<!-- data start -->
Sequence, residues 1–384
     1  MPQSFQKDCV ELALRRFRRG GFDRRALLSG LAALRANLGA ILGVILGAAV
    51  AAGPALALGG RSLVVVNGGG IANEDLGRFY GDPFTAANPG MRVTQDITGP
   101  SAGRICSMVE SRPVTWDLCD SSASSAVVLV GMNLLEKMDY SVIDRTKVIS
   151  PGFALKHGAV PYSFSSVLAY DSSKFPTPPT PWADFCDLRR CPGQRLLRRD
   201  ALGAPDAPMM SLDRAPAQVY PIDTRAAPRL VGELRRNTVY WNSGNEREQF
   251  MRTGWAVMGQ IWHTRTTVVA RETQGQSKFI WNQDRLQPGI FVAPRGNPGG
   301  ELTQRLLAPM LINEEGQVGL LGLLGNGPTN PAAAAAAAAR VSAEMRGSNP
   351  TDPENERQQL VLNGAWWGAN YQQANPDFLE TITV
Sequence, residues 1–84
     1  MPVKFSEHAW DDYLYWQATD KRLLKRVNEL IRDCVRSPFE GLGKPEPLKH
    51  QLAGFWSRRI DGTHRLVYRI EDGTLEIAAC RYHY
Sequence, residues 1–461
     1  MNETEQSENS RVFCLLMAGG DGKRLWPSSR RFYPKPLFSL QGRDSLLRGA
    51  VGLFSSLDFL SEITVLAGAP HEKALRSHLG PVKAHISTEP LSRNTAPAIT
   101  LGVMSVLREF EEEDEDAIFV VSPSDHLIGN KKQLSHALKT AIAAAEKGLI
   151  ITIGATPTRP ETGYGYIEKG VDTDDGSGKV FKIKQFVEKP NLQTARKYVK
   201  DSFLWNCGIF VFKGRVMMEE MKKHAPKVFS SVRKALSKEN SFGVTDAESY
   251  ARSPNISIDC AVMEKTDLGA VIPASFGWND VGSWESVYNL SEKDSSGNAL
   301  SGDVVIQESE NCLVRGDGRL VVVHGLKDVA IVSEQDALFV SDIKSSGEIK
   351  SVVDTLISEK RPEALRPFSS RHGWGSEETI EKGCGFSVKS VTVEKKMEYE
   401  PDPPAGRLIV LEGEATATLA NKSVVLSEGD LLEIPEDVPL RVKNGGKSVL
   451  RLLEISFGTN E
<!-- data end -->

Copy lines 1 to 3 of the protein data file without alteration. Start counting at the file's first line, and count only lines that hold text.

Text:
Sequence, residues 1–384
     1  MPQSFQKDCV ELALRRFRRG GFDRRALLSG LAALRANLGA ILGVILGAAV
    51  AAGPALALGG RSLVVVNGGG IANEDLGRFY GDPFTAANPG MRVTQDITGP